Founded in 1132 by 13 Benedictine Monks, Fountains Abbey near Ripon, became one of the largest, richest and the most influential Cistercian abbeys in Britain.
Archbishop Thurston of York gave the monks the land. Old chronicles describe it as an, “..inhospitable valley thickset with thorns lying between the slopes of mountains among rocks jutting out both sides of the River Skell. Fit rather to the lair of wild beasts than the home of human beings”.
Life was hard and the monks almost gave up, but they persevered. The monks began to receive gifts of money and endowments of land from wealthy families in exchange for prayers to save their souls
The monks were assisted by lay brothers, mostly illiterate, they carried out the routine tasks of the Abbey; they served as masons, tanners, shoemakers, smiths and bakers. Sheep farming was the greatest source of income with many of the lay brothers working on the farms and granges. Lead mining, quarrying of stone and horse breeding were also very important.
A decline in Fountains’ income began in the 14th century when bad harvests, sheep disease, the invasion of the North of England by Scottish armies and the Black Death caused severe problems. Many of the Lay brothers fled, leaving the abbey with little support. Dairy farming gradually took the place of sheep farming and there was a dramatic increase in prayers and masses said for the souls of the wealthy.
The power, influence and riches of the abbey grew over the next 100 years, but by the 1530s Henry VIII had become angered by the influence of the churches, their wealth and independence from the Crown. By an Act of Parliament, known as the “Dissolution of the Monasteries”, Henry VIII closed all monasteries and nunneries in 1539.
For almost the next 200 years, little happened on the Abbey site. It was not until the mid-18th Century that the Aislabie family of Ripon bought the Abbey buildings for £4000. John Aislabie, MP for Ripon and Chancellor of the Exchequer, invested large sums of Government money in the “South Sea Bubble”. Government money and much of his own was lost.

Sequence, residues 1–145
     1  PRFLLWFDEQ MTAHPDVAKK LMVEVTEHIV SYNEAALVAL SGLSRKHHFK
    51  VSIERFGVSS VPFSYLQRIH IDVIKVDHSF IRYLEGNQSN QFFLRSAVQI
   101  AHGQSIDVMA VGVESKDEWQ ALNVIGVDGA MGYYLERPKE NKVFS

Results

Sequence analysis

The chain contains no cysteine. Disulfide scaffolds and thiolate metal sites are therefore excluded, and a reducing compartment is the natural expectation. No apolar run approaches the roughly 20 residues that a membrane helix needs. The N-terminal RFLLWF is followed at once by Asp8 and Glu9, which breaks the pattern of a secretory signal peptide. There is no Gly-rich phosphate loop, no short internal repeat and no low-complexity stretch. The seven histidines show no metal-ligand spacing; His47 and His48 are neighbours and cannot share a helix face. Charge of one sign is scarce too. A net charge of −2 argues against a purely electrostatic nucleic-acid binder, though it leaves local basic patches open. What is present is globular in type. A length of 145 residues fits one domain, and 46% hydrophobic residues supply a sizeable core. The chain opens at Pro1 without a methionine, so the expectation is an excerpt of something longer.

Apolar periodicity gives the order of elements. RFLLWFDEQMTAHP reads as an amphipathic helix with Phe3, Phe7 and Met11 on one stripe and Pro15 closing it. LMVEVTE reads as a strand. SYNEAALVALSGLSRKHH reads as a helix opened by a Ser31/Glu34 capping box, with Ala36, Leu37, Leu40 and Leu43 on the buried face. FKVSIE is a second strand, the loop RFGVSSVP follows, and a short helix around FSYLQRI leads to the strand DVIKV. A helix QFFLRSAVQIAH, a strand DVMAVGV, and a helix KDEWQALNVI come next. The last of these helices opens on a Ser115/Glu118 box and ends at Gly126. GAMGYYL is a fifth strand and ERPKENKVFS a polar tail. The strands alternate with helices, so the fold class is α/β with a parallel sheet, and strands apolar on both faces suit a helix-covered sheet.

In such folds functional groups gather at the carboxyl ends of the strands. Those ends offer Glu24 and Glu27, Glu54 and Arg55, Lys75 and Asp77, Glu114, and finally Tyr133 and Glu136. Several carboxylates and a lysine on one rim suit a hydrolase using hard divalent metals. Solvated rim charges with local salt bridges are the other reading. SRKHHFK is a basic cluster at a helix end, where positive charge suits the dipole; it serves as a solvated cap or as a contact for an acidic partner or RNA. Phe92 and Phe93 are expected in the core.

After a succession of wealthy landowners the whole estate, including the deer park, was under the control of local councils between 1966 and 1983, when the National Trust took over the site. The estate became a World Heritage site in 1986.Today the site is a place of tranquility,as well as a haven for wildlife.Almost 350,000 visitors a year enjoy the beauty of the Fountains Estate.
Thanks for the history Neil. Another beautiful picture. I really like the colour of the sky against the Abbey. You know it's a BD!!! Cheers!
Thanks Rosa, i like to add some history when possible,i think it creates just a little more interest.It was 25c that day,our warmest to date,hordes of people about making it difficult to get the shots i wanted,but we all had a nice day.Thankyou for the BD!!..very much appreciated;-)
Nice! Like the natural framing from the tree - doesn't get in the way and adds to the shot!
Thankyou kind sir!!, Thats just how i wanted it to be,glad you picked up on it Neil.
Thanks Ian, nice to know its appreciated.
Mi piace il contrasto tra la geometria dell'uomo e il "disordine" della natura."il tempo ci sfugge ma il segno del tempo rimane". Con simpatia Stefano
Thankyou very much Stefano, i'm pleased you like it...Regards...Neil.
A fine view of this spectacular Abbey, Neil. I've not been there since just after my friend Ted Cullinan built his award-winning visitors' centre there in the mid 90's. Your history above is great - if you've 7 minutes to spare, you may also be interested to watch this: it's one of a series of RIBA drawing/talks that Ted did a couple of years ago; I just love his style of giving a talk about something he is passionate about. Nice work, Neil - Like, of course. Best wishes, Clive
Very good photo * like* , greetings from Iran - A-J
I 'll say prayers for thee in return for gifts and land if tha wants fella :D, especially for t'likes o thissen what has plenty to spare :D
A nice little composition !
PS maybe not, I dissent know as I could say enough to save thee :O)
Aye, i'll tek a bit o' saving Sam;-)) Thanks for the ..nice little composition.
Tha can 'ave me lands and gifts,but tha wain't get any brass tha knows!!
Alireza,thankyou very much...Regards...Neil.
Thanks Clive, i think you'll find it hasn't changed much since the 90's.Thanks for the li nk too.
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Photo taken in Lindrick with Studley Royal and Fountains, North Yorkshire HG4, UK
Misplaced? Suggest new location